- The Washington Times - Wednesday, March 7, 2012


Dear Mayor Vincent C. Gray: Now that the Washington Redskins cat is finally out of the bag and there no longer is a need for me to hide my sources or speak in hushed tones, it’s time for me to reveal my hand and for you to play yours. And if you’re the gambling man that stakeholders in the nation’s capital suspect you to be, you’ll appreciate what I’m about to say.

Go all in with the hand you have been dealt.

You and at least two other D.C. Council members, Jack Evans and Michael A. Brown, want to lure the Redskins back to Washington by helping them build a practice facility near their old stomping grounds at RFK Stadium. It’s a win-win proposition for the team, taxpayers and your own political hinds, but only if you get rid of that annoying how-dare-you expression you display when your judgment is being questioned.

Now, having said that, here’s a look at the upcoming pros-and-cons list the opposition is preparing to exploit.

1) Do not bluff. Typically, mayors and other supporters of proposed publicly financed sports arenas spin the debate around future economic benefits.

But you must keep in mind three things: You and other city leaders are already committed to spending money to keep the soccer team in the city; the ballpark for the Nationals baseball team has yet to deliver the cultural and economic promises for the average Washingtonian; the Redskins plan would be easier to sell if it closely mimics the Abe Pollin-Gallery Place deal, in which taxpayers paid for infrastructure for Verizon Center.

Remember this too: Smart-growth, environmental and anti-car activists surely will coalesce against building a facility for the Redskins, so they are natural opponents. The key is not to cede territory, which anyone who plays or ever played team sports knows is key to winning the game.

They will call the proposition a heist of land and tax dollars, and so it is.

But so are the land deals and tax breaks and credits the city gives to the Nationals; Wizards; Mystics; Capitals; D.C. United; hotels and motels; big-box retailers, churches and small storefronts; Daughters of the American Revolution and other historic sites; the IRS and other federal entities; Fannie Mae; and businesses and nonprofits small and large that use D.C. zip codes.

2) Politics is a team sport. You, your legislative counterpart, Council Chairman Kwame R. Brown, and, quite frankly, the other lawmakers, have yet to propose signature legislation that has excited the denizens this capital.

And while no single neighborhood — not River Terrace, not Hill East, not Kingman Park — should have more say than another, they all should have their say.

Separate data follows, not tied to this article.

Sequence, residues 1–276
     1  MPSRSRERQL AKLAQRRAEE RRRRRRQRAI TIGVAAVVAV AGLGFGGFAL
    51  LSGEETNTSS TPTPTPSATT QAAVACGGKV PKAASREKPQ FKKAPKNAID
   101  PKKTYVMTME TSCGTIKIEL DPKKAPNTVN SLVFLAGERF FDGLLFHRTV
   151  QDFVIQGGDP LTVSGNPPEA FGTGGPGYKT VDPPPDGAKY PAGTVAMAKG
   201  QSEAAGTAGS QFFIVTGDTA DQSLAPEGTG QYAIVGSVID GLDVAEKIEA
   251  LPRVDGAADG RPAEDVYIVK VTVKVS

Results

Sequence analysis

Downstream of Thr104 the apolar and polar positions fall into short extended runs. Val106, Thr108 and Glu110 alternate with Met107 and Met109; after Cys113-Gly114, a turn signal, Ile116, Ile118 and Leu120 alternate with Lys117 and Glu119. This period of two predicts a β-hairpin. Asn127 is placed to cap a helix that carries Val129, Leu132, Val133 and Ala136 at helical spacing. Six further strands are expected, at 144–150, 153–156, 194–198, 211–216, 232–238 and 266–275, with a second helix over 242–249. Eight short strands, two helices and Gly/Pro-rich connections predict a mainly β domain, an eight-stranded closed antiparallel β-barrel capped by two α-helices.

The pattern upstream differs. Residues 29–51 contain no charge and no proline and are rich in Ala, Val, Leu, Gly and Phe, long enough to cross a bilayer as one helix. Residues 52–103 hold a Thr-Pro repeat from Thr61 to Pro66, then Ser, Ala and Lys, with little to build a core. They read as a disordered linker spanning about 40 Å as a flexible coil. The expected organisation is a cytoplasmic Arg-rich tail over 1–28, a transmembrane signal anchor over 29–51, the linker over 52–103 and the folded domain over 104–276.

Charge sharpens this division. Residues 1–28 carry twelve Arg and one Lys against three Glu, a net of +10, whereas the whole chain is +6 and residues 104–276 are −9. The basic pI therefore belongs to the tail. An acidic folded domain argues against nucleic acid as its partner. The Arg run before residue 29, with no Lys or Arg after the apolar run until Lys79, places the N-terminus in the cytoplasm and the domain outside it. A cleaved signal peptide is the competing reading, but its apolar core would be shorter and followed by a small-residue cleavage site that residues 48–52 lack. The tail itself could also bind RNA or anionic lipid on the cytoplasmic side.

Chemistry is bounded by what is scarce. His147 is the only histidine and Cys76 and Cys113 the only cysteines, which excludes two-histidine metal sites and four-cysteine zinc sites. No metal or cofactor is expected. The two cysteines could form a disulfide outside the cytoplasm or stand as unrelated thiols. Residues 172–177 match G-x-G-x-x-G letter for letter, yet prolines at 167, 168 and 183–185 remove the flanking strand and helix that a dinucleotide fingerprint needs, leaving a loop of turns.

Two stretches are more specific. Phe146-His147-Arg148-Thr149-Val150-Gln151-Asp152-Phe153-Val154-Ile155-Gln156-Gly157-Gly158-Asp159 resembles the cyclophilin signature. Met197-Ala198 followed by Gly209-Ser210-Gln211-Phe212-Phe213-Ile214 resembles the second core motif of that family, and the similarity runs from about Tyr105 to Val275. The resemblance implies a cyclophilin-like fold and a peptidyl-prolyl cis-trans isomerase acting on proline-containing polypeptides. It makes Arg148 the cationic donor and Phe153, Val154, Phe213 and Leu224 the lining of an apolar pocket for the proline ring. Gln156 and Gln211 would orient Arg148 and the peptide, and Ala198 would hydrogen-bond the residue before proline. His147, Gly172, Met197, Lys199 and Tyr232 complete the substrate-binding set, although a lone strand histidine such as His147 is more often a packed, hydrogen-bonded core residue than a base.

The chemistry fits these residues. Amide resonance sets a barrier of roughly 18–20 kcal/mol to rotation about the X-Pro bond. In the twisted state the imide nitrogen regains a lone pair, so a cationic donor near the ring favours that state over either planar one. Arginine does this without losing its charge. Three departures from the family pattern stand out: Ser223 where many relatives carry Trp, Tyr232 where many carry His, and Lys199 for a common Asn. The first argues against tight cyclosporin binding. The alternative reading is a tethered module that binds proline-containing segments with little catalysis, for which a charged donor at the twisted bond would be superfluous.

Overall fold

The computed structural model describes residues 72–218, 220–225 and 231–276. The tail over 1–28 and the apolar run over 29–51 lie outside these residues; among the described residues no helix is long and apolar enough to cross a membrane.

It is your job to gin up support, to get residents and businesses across the city to rally ‘round the Redskins plan, get them to imagine a capital whose alluring springtime attractions reach beyond the national museums, monuments and cherry blossoms along the Mall and truly understand that the boys of summer ain’t got nothin’ on the Redskins.

(I know you’re a baseball guy, Mr. Mayor, but I wear my badge of Redskins fanaticism with honor.) In other words, show residents that you and the city are major-league political players in a major media market that gets short shrift from the entertainment industry.

3) Be yourself. When I’ve bumped into you at a ‘Skins game or we’ve chatted about quarterback Rex Grossman, D.C. high school sports or the records of the Washington Wizards vs. the Washington Bullets, your face exudes the confidence of a true fan who looks beyond the box scores.

That’s the face you should reveal when discussing your Redskins proposition. Leave the pecuniary details to the bean counters and other D.C. employees we pay six-figure salaries to wear green eyeshades.

Tell them the shortest distance between two points is a straight line, so get busy.

You’ve expended much of your political capital to date on statehood and abortion rights, Mr. Mayor, issues that do nothing to raise the cache of the District of Columbia or put the nation’s capital on the entertainment industry’s radar screen.

Bringing the Redskins home, if only to train with and scrimmage against themselves, would give you something to add to your list of accomplishments come 2014.

Team D.C. needs you to be it’s No. 1 cheerleader on this, sans a skimpy uniform, of course.

Don’t blow it.

Deborah Simmons can be reached at dsimmonsATwashingtontimes.com

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